25 November 2006

Secombe Theatre, Sutton

Stephen Macvicar

Thank you very much for inviting me to Wimbledon Light Opera Society’s production of “The Pirates of Penzance” recently at the Secombe Theatre, Sutton. Thanks also to Dianne Norton for arranging my tickets.


The pirates of Penzance (a rather tender-hearted band, made up exclusively of orphans and unable to harm anyone of similar background) are celebrating Frederic’s coming of age and subsequent release from his apprenticeship to them. He joined the pirates as a child owing to a mistake by Ruth, his nursemaid, who misheard his father’s instructions to apprentice him to a pilot. She has remained with Frederic ever since and now harbours a desire to marry him. However, Frederic has met and fallen in love with Mabel whose sisters the pirates have claimed as their future brides. Their father, the General, is horrified at this prospect and declares himself to be an orphan, knowing that this will effect their immediate release.

As an ex-pirate, Frederic now feels that his duty is to society and he wastes no time in assembling a police force to capture the pirates. He is, therefore, dismayed when he learns from Ruth and the Pirate King that, due to the fact that his birthday is on 29th February and only occurs once every four years, he has in effect only had five birthdays; the terms of his apprenticeship state that he is bound to the pirates until his 21st birthday. Consequently, feeling that his loyalty is now to the pirates again, he reveals that the General is not really an orphan. The Pirate King is furious that he has been tricked and he plots to capture the General, his daughters and the policemen and take his revenge. This task proves no problem to his band of men until the Sergeant demands that they surrender in the name of Queen Victoria. This is too much for them and they yield to the request. However, as they are about to be taken into custody Ruth reveals that they are not really pirates at all, but noblemen who have gone astray. On hearing this, the General orders their release, restores them to their rightful ranks and offers them his daughters in marriage.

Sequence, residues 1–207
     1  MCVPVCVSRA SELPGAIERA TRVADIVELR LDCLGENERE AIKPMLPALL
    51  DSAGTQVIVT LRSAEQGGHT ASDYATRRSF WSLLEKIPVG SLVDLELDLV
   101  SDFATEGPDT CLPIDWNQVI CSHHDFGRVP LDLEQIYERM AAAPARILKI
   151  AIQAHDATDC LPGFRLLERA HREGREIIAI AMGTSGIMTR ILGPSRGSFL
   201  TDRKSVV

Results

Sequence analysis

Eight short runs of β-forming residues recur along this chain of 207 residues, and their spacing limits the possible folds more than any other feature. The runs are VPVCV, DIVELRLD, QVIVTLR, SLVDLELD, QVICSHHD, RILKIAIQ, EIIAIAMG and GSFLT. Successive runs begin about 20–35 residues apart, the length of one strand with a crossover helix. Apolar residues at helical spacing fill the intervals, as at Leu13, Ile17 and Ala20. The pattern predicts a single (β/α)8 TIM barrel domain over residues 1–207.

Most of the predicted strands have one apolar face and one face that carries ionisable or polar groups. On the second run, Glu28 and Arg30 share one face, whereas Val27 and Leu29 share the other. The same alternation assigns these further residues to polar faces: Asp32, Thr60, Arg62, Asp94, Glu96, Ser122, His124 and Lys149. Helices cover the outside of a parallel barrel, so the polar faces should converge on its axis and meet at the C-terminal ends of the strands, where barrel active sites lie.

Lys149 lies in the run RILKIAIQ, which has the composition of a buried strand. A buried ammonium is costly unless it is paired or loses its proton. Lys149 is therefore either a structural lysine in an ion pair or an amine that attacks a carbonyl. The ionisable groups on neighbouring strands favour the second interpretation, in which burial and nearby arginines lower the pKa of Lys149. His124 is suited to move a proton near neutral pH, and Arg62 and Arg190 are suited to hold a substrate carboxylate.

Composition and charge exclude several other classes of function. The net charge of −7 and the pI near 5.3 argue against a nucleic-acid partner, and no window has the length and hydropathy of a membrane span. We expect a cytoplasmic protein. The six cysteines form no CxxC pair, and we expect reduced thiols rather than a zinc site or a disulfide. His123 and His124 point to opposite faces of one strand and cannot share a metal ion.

Another change of venue for WLOS and a production of the perennial favourite “The Pirates of Penzance” by Gilbert and Sullivan. Although with Director Stephen Roe at the helm and having read the programme notes, we knew this wasn’t going to be an entirely traditional version of this well loved classic. It was also an opportunity for WLOS to show off their undoubted vocal strength with an operetta. From the very beginning there was eccentricities. During the overture, there was a cross over to HMS Pinafore and this gave the maturer ladies chorus members lots of interesting business – dusting maids, tea party – inclusion wherever possible. Maturer cast members are often overlooked and cast to the background or fringes but thankfully not in this production. It also brought to life an overture which is always pleasant to listen to but is generally considered too long for today’s audiences. This production left the audience thinking of the untold story. General strengths in this production were the ensemble singing, the interesting sets including coastal perspective and splendid red drapes, colourful bright costumes and some notable principal performances.